For this POW, our task was to find the best formula for finding the area of any polygon that is formed on a geoboard. In order to do this, there are two formulas given to help you. One tells how to get the area of a polygon based on the number of pegs on the boundary. This works as an In-Out table, where In is the amount of pegs on the boundary, and Out is the area. The other formula tells how to get the area by having a polygon with exactly four pegs on the boundary. All you do is tell her how many pegs are on the inside. Using her formula, she can give you the area immediately. Using these two formulas for reference, we have to find a formula that anyone can use to find the area of any polygon by knowing the number of pegs on the boundary and interior.
The first two equations by Freddie and Sally were a preparation for the final, building up the information in order to find the "superformula".
For Freddie's equation, I drew an In-Out table, with the number of pegs on the boundary for the In/x value, and the area of the polygon for the Out/y value. With this table set up, I made some different polygons on geo-paper (attached), and plugged them into the table. I found the area for all of them by looking at the figure. However, just looking at the figure was not very accurate, so I looked for a pattern between the in and the out, and quickly found a formula that made sense, and I worked with it until I got a formula. This formula was x/2-1=y. This works in all shapes with no interior pegs, as the problem said. (In-Out table attached)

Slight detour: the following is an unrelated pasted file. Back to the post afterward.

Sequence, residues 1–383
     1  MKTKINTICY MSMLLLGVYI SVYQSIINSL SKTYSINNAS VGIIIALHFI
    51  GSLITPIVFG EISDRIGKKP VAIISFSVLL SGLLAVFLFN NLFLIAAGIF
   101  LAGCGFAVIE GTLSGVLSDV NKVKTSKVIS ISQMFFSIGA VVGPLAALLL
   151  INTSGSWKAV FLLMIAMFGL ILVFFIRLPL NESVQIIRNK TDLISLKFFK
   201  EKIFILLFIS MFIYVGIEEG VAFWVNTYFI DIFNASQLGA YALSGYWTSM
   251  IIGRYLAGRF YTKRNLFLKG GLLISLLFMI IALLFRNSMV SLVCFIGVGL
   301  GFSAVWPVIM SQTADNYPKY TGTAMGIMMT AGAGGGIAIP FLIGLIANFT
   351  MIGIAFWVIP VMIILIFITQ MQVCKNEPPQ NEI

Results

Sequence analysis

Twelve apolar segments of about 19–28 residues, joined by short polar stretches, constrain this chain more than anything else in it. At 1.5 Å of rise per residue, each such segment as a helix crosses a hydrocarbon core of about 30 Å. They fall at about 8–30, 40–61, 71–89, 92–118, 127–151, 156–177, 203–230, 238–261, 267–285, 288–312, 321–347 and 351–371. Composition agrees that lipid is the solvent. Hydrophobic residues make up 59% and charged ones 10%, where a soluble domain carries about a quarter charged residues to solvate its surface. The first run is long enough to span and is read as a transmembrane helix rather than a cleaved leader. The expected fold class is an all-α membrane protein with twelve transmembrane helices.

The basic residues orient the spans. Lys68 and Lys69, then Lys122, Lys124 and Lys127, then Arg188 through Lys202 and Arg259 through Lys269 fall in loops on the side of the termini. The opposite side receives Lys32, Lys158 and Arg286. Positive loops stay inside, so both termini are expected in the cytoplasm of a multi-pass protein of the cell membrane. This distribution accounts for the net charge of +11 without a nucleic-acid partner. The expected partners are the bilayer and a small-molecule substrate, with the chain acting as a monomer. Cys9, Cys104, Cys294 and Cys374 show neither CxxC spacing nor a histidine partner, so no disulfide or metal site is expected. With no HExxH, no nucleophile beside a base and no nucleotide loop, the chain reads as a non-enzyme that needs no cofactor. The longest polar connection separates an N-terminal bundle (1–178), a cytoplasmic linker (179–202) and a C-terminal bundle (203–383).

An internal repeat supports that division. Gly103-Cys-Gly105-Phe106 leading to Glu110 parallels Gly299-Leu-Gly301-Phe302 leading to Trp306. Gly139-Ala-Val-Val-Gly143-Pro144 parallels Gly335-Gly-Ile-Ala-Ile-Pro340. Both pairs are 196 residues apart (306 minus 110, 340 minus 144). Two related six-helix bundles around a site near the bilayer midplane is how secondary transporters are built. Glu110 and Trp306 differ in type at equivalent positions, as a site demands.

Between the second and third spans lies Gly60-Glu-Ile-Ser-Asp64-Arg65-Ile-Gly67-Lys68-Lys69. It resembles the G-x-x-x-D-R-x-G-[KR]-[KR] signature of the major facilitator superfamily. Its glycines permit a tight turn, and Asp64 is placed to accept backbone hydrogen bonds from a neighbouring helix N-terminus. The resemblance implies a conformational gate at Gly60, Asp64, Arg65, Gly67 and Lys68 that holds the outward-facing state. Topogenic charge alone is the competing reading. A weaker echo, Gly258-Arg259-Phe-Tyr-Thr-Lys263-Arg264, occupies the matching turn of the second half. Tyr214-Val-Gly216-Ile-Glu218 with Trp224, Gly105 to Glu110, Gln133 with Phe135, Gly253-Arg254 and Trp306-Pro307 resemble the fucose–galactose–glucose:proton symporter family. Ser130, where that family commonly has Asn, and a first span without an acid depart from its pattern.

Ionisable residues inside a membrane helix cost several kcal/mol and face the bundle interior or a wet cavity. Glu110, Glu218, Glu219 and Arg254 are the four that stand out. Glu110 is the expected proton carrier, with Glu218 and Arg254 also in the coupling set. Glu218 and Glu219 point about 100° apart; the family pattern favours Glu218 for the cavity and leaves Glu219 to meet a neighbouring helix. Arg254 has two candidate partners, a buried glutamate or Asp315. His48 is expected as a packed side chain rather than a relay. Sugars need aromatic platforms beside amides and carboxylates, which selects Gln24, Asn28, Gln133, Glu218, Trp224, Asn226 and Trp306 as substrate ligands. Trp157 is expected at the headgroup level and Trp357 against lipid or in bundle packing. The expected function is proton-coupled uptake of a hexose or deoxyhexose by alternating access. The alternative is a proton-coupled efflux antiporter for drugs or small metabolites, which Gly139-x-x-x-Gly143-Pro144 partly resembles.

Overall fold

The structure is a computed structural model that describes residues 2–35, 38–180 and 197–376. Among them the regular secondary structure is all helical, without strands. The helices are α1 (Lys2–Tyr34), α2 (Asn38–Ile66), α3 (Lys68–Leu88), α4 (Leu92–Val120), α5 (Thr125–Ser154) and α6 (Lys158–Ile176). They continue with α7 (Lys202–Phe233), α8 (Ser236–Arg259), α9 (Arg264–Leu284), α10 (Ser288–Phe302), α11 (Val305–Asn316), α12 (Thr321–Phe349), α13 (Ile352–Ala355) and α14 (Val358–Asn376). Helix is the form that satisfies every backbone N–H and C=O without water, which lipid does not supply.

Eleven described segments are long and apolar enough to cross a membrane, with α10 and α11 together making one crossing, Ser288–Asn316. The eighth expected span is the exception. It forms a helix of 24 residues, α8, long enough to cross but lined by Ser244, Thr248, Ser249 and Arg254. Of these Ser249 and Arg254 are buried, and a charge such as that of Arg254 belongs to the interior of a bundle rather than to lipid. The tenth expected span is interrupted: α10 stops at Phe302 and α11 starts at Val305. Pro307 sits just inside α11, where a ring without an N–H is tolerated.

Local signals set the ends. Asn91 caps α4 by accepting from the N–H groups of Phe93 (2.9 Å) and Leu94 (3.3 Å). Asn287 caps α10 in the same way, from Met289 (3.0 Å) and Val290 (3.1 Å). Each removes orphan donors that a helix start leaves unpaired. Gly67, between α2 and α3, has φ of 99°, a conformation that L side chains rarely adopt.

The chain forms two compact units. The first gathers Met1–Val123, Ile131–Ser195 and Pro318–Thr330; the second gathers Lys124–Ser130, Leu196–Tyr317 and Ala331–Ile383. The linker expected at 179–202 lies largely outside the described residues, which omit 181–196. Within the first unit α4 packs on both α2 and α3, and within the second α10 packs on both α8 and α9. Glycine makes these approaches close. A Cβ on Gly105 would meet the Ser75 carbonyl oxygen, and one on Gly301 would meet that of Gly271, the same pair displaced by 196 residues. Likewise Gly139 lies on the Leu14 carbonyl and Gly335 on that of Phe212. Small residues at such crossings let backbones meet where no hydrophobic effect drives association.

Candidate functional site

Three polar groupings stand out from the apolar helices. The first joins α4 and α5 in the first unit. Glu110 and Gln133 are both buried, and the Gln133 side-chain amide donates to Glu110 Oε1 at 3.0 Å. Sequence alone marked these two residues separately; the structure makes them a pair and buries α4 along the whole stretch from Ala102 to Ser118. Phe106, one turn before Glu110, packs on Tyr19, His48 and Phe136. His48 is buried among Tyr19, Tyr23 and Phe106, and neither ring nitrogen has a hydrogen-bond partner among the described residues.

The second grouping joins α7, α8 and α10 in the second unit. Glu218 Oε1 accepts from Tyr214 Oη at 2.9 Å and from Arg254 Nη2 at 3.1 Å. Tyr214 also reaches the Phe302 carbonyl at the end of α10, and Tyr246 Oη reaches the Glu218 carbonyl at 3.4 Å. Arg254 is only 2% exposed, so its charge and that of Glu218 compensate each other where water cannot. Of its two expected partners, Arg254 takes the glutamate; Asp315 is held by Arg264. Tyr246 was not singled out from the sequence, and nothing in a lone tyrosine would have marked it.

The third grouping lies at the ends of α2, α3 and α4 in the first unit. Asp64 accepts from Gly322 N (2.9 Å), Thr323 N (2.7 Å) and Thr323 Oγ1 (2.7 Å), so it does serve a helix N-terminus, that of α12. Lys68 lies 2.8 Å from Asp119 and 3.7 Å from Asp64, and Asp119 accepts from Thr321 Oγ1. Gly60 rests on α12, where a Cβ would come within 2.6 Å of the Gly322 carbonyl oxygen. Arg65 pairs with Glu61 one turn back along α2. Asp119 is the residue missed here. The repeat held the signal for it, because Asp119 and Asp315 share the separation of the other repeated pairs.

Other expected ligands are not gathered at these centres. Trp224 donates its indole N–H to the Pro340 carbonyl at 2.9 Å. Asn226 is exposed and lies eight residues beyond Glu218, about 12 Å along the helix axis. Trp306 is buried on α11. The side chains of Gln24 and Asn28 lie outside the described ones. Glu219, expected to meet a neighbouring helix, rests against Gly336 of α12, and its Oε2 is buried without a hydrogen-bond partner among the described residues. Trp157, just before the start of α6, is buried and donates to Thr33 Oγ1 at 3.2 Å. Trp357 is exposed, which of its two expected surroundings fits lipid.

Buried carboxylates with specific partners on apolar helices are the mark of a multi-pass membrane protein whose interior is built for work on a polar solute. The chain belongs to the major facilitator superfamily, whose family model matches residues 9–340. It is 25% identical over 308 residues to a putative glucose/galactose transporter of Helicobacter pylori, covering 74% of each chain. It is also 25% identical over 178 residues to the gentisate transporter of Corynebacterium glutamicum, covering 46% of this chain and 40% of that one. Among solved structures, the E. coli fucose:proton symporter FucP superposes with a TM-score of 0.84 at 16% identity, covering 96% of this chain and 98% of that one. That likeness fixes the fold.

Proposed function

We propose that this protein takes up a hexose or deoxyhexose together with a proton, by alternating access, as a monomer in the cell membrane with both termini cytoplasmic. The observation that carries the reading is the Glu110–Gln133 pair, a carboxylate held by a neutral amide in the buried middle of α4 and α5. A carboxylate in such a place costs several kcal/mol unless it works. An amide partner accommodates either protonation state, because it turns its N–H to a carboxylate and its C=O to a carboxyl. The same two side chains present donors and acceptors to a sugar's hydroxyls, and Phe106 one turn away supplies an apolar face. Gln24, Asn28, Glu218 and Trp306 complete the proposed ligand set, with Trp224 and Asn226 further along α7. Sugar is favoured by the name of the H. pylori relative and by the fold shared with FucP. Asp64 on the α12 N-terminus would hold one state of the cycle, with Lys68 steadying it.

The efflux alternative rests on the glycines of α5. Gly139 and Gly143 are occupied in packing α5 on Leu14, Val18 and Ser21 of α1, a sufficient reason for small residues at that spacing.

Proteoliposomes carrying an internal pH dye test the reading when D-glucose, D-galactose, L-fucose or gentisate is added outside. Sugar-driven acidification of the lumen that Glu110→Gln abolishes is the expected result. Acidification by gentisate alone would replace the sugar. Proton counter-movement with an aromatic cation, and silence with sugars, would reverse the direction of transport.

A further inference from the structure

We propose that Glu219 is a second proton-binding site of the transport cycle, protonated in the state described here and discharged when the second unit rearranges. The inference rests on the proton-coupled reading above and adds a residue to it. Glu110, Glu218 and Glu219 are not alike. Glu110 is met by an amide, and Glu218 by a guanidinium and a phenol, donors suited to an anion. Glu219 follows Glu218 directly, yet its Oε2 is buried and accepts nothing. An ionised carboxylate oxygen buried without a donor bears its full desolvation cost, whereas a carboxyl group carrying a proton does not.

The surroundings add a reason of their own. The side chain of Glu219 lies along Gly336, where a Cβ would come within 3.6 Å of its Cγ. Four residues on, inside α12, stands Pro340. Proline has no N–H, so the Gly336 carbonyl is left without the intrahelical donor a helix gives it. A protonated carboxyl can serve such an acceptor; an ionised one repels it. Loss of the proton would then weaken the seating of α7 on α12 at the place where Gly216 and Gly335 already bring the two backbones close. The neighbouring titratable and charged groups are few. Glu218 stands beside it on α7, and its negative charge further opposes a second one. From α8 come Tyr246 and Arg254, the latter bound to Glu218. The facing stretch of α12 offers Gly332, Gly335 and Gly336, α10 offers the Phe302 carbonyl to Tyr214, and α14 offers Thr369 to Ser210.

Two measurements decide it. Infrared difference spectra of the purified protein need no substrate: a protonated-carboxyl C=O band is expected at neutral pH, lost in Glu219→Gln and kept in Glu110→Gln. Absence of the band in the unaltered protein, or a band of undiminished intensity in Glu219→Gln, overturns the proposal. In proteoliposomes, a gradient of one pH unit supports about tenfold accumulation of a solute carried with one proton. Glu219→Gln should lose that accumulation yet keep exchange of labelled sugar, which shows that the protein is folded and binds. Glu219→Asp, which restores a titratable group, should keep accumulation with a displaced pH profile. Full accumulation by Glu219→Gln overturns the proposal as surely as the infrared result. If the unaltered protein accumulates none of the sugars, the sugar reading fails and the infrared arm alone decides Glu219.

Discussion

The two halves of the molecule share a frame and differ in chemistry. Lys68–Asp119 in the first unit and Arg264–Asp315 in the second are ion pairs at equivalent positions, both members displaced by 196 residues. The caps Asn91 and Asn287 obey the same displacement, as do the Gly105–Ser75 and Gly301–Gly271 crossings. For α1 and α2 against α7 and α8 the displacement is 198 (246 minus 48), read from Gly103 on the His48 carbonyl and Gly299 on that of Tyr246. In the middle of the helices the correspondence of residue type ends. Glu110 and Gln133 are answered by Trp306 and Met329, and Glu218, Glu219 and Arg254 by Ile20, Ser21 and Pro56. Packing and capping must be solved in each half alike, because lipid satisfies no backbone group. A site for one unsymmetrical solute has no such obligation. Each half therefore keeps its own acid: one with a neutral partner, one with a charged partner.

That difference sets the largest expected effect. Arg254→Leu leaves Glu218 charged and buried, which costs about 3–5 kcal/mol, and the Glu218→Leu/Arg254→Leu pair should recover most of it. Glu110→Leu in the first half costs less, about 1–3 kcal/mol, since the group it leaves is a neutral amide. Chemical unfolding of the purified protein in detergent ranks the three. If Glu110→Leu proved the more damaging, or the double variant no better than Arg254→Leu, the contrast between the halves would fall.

For Sally, I saw that another In-Out table would work the best, and drew one with the same guidelines. With this set up, I made some polygons on geo-paper (attached). I found that the In/x value is the number of pegs on the interior, and the Out/y value is the area. I then filled the table with a few values from the geo-paper, and saw a pattern that soon led to a...
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